The first order of business while heading south along Quintana Roo C1, was to gawk at the cruise ships. They truly are a marvel. I’m not a cruise guy myself, but they sure are something to look at. The downside to cruise ships of course, if you’re staying in the vicinity of a port area, is that as soon as they dock and the hordes of cruisers come ashore all lathered in suntan lotion, sporting straw hats and dark sunglasses in Hawaiian shirts and khaki shorts, clicking everything that moves with their Nikons (yep, I’ve been known to don this veneer myself…too often in fact), the prices in all the shops tend to triple.
After we had passed the international port area, the landscape quickly settled into its natural fauna of Thatch and Queen Palm trees, hibiscus and morning glory. There is plenty of it to see on this stretch heading south (more south west really) and it is stunning. It would have been quite easy to wind the throttle open and carry on at a blistering 30 km/h…lost to the notion there was not a whole lot to see through this area. There were just trees and ferns on the left, entrances to resorts and attractions on the right, most of those behind a wall of fauna of their own. Yet I forced myself to slow the scootie down (not that we were burning up the tarmac at 30 km) determined to teach B-Rad the importance of living in the moment. Determined to see, hear and smell everything that was offered here, soon enough, we were rewarded. There was a local challenging us for road position. We yielded and took pictures; after all, this is HIS home.
Soon after we passed the cut off for El Cedral (another worthwhile place to visit), we swung south east and crossed the bottom end of the island. This was another ribbon of open road that surrounded us with lush green jungle and after a spell the road twisted north again, traversing up the east coast. The vegetation on our right hand side was getting sparse, you could smell the sea. Then, during the first real break in jungle canopy, I felt B-Rad draw a deep breath and he held it. After a moment there was a long exhale. “Dad” he said “we are in paradise”. The east coast of Cozumel was exposed to us as the trees and ferns gave way to deserted, wild and untamed beaches. Nor a single soul in sight, the ivory sand being caressed by transparent turquoise water, the tips of the breaking waves twinkling in the sun. Jade and copper beach grass swaying in the salted breeze. I don’t mean to sound like I work for Mexico Tourism. I am honestly not on commission, it just is what it is. We rode on in silence for a while, trying to get a handle on the sensory overload. Finally he asked, “Can we stop Dad…swim?” YEAH BUDDY!!…why the hell had I not already pulled over? I stopped immediately. It doesn’t matter where, the entire coast is beach and open for the taking. We dismounted, slid down the shallow dune, and SPLASH!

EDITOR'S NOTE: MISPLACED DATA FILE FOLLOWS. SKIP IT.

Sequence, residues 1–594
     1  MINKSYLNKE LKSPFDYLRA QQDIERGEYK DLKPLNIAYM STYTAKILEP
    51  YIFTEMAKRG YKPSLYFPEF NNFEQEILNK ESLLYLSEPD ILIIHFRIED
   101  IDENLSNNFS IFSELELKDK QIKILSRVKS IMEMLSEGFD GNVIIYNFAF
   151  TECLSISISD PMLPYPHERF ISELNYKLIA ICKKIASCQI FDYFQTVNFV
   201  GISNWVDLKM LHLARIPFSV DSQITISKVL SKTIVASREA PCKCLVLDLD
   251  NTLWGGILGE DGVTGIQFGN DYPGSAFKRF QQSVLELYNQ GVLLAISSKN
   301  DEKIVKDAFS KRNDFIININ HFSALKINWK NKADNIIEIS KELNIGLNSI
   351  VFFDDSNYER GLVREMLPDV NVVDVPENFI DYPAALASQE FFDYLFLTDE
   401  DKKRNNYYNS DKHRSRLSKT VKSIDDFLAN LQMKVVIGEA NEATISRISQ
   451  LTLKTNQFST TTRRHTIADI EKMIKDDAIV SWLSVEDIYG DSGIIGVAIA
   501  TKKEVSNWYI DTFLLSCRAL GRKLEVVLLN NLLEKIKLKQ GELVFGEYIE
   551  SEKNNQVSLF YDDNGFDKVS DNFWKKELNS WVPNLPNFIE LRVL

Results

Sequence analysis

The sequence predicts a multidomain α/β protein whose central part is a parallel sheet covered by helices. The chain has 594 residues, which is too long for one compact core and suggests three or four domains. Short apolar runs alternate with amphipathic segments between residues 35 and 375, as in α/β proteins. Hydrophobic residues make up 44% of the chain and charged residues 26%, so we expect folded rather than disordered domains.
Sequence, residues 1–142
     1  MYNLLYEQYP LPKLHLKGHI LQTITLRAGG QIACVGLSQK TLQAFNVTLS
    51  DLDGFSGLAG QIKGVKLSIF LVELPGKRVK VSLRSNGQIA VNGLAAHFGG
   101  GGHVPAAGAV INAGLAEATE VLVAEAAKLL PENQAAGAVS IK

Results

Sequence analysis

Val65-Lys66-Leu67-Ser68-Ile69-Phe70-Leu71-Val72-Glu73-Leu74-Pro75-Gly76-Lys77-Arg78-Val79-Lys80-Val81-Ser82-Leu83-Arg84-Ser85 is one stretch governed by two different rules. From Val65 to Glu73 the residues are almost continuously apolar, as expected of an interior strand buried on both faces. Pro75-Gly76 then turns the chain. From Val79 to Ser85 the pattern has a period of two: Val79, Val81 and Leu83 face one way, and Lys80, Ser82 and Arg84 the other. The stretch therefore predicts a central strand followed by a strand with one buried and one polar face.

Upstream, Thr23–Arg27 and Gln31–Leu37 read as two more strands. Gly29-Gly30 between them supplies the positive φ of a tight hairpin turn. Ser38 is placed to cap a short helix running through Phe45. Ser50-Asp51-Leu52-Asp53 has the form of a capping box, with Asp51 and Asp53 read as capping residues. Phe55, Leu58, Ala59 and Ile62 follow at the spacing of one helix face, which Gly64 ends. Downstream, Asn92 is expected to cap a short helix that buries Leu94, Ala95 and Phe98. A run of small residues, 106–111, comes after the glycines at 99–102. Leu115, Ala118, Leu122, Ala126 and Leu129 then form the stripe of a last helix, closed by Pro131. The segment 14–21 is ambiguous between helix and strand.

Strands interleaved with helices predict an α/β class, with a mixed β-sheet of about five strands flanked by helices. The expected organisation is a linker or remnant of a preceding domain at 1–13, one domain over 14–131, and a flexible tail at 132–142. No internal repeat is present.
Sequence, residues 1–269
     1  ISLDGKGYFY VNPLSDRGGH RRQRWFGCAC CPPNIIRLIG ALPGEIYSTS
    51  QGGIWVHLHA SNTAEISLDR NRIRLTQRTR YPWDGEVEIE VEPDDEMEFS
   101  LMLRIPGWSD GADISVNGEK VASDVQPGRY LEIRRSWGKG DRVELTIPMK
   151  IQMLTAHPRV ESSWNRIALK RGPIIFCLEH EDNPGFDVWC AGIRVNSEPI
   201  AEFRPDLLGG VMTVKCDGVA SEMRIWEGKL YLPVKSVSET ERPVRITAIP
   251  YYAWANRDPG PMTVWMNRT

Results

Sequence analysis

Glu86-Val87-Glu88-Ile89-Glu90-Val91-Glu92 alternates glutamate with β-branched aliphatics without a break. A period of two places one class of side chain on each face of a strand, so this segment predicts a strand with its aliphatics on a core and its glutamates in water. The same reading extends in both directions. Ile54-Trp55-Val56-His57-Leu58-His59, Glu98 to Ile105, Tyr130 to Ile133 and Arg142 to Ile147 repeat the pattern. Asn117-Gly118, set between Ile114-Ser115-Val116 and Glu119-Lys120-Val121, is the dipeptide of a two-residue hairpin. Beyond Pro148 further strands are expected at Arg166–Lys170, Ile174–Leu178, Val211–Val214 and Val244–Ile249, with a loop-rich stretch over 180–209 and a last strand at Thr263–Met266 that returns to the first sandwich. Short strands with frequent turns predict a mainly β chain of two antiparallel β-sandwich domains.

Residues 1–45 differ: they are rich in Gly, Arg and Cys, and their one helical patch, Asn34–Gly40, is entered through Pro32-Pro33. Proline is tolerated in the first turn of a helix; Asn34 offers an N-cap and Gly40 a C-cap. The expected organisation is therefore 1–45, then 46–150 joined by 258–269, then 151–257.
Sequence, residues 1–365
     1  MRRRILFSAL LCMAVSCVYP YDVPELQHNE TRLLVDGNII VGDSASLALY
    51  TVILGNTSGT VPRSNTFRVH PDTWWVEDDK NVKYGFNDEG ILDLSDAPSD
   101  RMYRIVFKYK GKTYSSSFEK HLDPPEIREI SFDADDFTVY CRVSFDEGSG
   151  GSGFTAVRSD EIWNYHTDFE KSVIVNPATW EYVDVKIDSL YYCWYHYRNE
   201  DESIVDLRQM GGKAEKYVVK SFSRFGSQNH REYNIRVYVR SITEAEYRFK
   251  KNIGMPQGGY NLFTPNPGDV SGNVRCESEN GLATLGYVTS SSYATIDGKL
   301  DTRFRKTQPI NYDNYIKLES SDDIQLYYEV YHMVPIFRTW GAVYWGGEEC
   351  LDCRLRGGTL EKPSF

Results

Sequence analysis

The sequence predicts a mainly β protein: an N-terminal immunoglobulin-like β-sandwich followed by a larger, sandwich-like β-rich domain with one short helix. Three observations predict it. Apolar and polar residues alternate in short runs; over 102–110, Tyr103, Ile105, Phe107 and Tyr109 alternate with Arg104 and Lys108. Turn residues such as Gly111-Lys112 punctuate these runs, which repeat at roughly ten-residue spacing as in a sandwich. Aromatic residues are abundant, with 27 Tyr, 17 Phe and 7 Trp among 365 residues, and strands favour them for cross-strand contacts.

After a playful father/son romp that involved a ballyhoo of water launching, sand kicking and a wickedly embarrassing lesson NOT to wear white shorts while paddling, we took a moment to sit and relax. Just to stare out into the Atlantic and breathe. Allowing daydreams of pirates and explorers to drift lazily though our minds, to suspend reality for a while and let Mexico work its magic. This is what I was hoping for; this is the wisdom I wanted to impart on my son, the beauty of simple experience. Complete immersion into another culture, time, space or circumstance. To let the moment wash over you. Don’t just gloss over life, sink into it, feel it, where ever you are, don’t miss a damn thing son….nothing. Eventually, we left our conquers mark in the sand, for us it’s equivalent to planting a flag for England, we shared one last smile (a brief sand kicking exchange) and remounted our valiant scooter to a chorus of laughter and continued north.
After chewing up the remainder of the east coast road, there is a sharp left on to Transversal De Cozumel. This is the road that connects the two coasts. Now, at the intersection there is a stop sign. It has NOT been placed there by any manner of Mexican road authority, but rather by one of two culprits. 1. Senior Iguanas or 2. Mezcalitos. Each Cantina facing each other in an eternal Mexican standoff, on opposite corners of the “Left Only” intersection. This is pure marketing genius. When you stop, you are immediately pounced upon by well mannered and damn funny representatives from each establishment. They endeavor explaining why you need a cerveza and how hungry you look. “Have you not eaten AT ALL today?” Excellent! We opted for Senior Iguanas as my brother had already regaled me with tales of Mezcalitos naked beach and show your (parts of female anatomy) at the bar for free tequila. Not the ideal place for B-Rad, although he was definitely up for it (He had also heard his uncle’s stories). Not feeling hungry as of yet, we refueled with a coke and blasted off for Cozumel proper.
Shortly after arrival we bid a tearful goodbye to our mechanical pony and wandered the shops that inhabit the pier area. We were laughing at the novelties, trying on sombreros, shaking maracas, plucking ukuleles and generally making a nuisance of ourselves. After running out of laughs in the shops (and weathering several shopkeepers surly looks) we decided to gobble down some Mickie Dee’s (God bless, anywhere in the world, you can get a big mac) and then sadly, take the ferry back to Playa Del Carmen. As stated, Cozumel was a magic moment for us, with memories I will take to the grave. I sincerely hope my son absorbed the life lesson I so desperately wanted him to learn. Cozumel had a few lessons for me also, I learned to NEVER wear white shorts while paddling and to ALWAYS ensure your shirt is buttoned properly while scootieing around a tropical island…..lest you endure the seldom talked about but always threatening…burnt bacon nipple.